Thomas Iser, born september 1987 in Metz – France, is a self-taught performer, photographer and painter.
He wishes with his art to inspire people to use their suffering to fuel the accomplishment of their dreams.
His project Universal humanity include an impressive number of personalities and artists like Pharrell, Nicole Scherzinger, Bob Sinclar, Gianluca Vacchi, Romero Britto, Alec Monopoly, Mark Seliger, Sara Sampaio, Saltbae, David Lachapelle just to name few. He collaborates in 2016 with Jean-Claude Jitrois on two unique dresses.
His art is widely inspired by graffiti and is directly related to his personal journey.
Thomas Iser is definitely making a name in the art world putting all his energy into travelling, meeting people, creating and connecting the dots to build a masterpiece.
BECAUSE WE ALL SHARE THE SAME SPARKLE
Though best known for his globe-spanning performance art project ‘Universal Humanity’, French artist Thomas Iser is also making a name for himself as a painter.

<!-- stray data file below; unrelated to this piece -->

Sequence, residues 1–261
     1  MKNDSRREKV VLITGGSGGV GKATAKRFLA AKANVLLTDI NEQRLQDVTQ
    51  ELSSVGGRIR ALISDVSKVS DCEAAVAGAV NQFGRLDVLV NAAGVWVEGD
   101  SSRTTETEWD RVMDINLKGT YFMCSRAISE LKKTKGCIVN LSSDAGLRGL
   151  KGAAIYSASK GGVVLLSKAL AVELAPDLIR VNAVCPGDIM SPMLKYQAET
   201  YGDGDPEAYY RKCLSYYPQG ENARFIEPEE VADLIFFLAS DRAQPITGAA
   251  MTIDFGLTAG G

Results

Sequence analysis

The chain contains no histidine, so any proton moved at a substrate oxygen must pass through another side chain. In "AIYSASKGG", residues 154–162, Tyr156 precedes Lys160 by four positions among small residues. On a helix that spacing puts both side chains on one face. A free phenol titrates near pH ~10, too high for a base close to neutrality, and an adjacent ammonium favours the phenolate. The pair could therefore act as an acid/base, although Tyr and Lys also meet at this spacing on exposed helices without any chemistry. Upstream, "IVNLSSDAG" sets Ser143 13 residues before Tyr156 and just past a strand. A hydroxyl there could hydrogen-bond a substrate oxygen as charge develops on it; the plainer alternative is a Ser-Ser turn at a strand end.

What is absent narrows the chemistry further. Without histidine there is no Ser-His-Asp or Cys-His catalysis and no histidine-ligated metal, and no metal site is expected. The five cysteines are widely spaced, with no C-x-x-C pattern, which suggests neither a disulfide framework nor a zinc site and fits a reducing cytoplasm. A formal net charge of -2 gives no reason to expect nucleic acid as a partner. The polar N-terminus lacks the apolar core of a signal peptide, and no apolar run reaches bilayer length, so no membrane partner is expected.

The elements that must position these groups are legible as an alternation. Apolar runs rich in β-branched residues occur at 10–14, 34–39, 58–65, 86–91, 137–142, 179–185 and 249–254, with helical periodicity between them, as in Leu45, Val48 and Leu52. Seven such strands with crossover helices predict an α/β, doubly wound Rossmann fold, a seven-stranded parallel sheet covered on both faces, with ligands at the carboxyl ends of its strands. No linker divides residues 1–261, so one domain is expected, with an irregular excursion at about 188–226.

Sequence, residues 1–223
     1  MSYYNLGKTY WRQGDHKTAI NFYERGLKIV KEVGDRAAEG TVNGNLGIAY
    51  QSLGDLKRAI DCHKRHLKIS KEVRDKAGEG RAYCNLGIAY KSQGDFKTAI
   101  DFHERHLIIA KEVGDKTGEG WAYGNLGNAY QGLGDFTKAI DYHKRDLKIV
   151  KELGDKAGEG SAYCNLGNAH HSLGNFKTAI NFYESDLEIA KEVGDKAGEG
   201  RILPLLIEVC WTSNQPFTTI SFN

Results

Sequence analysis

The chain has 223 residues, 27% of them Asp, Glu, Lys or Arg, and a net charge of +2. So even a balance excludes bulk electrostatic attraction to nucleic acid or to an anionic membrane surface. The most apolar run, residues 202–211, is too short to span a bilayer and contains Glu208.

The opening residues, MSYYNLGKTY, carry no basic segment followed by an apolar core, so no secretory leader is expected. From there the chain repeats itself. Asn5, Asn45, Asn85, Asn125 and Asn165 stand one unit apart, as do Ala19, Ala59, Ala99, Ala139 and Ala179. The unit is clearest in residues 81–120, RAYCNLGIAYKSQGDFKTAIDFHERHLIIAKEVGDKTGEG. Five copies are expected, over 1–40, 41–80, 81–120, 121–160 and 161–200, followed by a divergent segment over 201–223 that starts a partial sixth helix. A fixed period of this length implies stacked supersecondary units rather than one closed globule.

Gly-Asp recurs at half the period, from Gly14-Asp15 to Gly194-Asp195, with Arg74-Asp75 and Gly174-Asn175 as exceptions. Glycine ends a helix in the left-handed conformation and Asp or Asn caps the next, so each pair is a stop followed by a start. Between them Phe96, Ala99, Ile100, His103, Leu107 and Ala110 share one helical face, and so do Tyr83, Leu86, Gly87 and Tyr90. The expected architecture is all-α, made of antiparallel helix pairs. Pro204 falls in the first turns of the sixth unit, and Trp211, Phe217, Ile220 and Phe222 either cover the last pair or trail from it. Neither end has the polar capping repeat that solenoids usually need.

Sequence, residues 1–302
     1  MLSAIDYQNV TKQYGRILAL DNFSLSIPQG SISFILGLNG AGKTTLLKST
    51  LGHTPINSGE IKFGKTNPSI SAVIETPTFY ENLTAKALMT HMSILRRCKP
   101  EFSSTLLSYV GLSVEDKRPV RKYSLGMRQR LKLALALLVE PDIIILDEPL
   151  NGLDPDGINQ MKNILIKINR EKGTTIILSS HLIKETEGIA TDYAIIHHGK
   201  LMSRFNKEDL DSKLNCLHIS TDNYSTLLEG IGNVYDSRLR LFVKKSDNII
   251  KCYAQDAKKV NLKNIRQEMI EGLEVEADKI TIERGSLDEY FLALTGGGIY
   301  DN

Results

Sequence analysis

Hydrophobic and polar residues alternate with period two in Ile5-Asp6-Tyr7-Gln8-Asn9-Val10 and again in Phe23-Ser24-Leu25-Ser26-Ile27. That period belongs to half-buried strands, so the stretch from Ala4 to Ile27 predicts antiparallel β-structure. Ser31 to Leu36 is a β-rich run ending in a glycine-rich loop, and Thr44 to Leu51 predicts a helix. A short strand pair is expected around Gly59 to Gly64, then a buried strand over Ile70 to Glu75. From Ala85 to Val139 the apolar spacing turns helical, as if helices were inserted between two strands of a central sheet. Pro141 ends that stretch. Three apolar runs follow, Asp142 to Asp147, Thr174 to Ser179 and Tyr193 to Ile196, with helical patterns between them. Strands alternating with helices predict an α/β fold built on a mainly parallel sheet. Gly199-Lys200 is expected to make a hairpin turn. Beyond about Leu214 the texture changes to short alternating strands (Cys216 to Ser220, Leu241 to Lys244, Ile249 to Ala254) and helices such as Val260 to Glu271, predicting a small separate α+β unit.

Using acrylic and spray paint on canvas, there is a wilful sense of naivety to his works, where Iser seems to be channeling a childlike exuberance through his playful use of colour and expeditious application of paint to the canvas. He is clearly inspired by the energy and swiftness of graffiti art, and these works seem to sit somewhere between a packed wall mural and one of Takashi Murakami’s brimming Superflats. They include many of the same tropes of both: bright and contrasting block colours, repeat patterns, recurring characters and motifs (clouds, flowers, bricks).
On a surface level, the paintings may seem to be unnecessarily chaotic, but closer inspection reveals a wealth of symbolism and menacing tones that undercut the intense colouration. They are deeply layered, with images merging into one another like a palimpsest. There is a dichotomy between the symbols used: stylised flowers and butterflies are placed next to skulls with bleeding teeth, the word ‘chaos’ is written in brightly coloured ‘bubble letters’. Such a use of visual metaphors to explore issues of life, death, and rebirth must come from a deeply personal place.
Kurt Beers / Beers gallery
BECAUSE WE ALL SHARE
THE SAME SPARKLE!